Tenets of Mormonism

BY: SUN STAFF

Joseph Smith's First Vision


Feb 22, CANADA (SUN) — Philosophical tenets of Mormonism that define the difference between the jivatma and the Lord.

"Mormonism is a term used to describe religious, ideological, and cultural aspects of the various denominations of the Latter Day Saint movement. The term Mormonism is often used to describe the belief systems of those who believe in the Book of Mormon, a sacred text which Mormons believe was translated by Joseph Smith, Jr. in 1829 from golden plates, described as the "sacred" writings of a group of the inhabitants of parts of America from approximately 600 BC to 420 AD. In 1830 Smith published the Book of Mormon and "restored" the Church of Christ, and the faithful were known amongst themselves as Latter Day Saints.

Outside the church, church members have come to be called Mormons because of their belief in the Book of Mormon as scripture, alongside the Bible. As the result of a revelation in 1838, the name to the Church was officially stated as "The Church of Jesus Christ of Latter Day Saints". [1] After the death of Joseph Smith, a succession crisis ensued and the church membership was divided among various sects. The largest group accepted Brigham Young as the new prophet-president of the church and followed him West to the Salt Lake Valley in the current state of Utah. However, there was a sizable faction that did not accept Brigham Young's claim to leadership and remained in the Midwest.

The Community of Christ is the largest church that emerged from the Latter Day Saints who did not follow Brigham Young and it also claims to be the original church founded by Joseph Smith, Jr. Nevertheless, The Church of Jesus Christ of Latter-Day Saints remains by far the largest and most prominent group called 'Mormon'.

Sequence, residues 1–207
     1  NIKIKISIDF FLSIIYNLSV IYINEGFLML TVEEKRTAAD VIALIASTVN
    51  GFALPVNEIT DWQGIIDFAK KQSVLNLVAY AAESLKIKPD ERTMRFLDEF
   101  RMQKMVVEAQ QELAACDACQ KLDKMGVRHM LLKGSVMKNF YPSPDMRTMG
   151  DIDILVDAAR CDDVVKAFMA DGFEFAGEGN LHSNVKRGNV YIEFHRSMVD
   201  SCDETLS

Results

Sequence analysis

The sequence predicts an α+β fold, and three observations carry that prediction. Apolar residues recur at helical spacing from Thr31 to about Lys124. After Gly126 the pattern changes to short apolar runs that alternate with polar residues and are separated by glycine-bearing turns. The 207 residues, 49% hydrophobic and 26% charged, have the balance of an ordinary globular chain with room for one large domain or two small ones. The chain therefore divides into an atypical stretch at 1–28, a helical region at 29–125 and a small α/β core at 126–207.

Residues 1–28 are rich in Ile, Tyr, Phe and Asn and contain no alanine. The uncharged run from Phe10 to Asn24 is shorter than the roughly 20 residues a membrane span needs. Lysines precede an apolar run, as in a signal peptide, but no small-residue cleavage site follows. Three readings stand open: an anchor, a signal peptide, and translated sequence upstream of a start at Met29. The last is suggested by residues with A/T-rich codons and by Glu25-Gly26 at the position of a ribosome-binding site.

After The Church of Jesus Christ of Latter-day Saints abandoned the practice of plural marriage, more sects emerged in support of the practice usually in the form of polygamy, or more specifically, polygamy. Mormonism is generally used to describe the main body of the Utah sect exclusively, mainly due to its prominence amongst Latter Day Saint denominations, but the practice of plural marriage is still heavily associated with Mormonism despite the church's efforts to distance itself and the term from polygamy. Other sects embrace or accept the term Mormonism, including the Fundamentalist Church of Jesus Christ of Latter Day Saints, other Mormon fundamentalist organizations, Reform Mormonism, and cultural Mormons.

Most adherents of Mormonism may be called Latter Day Saints (or the hyphenated Latter-day Saints in reference to the largest denomination). Other generally acceptable terms include LDS, Saints, and Mormons. A minority of adherents object to the terms Mormon and Mormonism, since these are terms coined by outsiders to label members of the Church.

Establishment of the Church of Christ

Joseph Smith, Jr. was raised in northwestern New York, where he reported a number of heavenly visions and visitations by angels. In his First Vision, while he was an adolescent during the early 1820s, Smith stated he saw "God the Father" and "Jesus Christ" in the Sacred Grove. Smith also said he had received a set of Golden Plates from a sacred figure, undefined in his writings., and dictated a translation of those plates, which he published in 1830 as the Book of Mormon. Some time after the translation, according to church records, Moroni returned to collect the plates.

According to Smith and his close associate Oliver Cowdery, an angel also gave the both of them the authority to baptize and to build up a new church, meant to be a restoration of 1st century Christianity. The Church of Jesus Christ of Latter-Day Saints, originally called the Church of Christ, was formed in the month of April 1830 in Manchester or Fayette, New York, but soon after the conversion of a Church of Christ (Campbellite) minister named Sidney Rigdon in Kirtland, Ohio, a number of its members moved to Ohio in 1831}."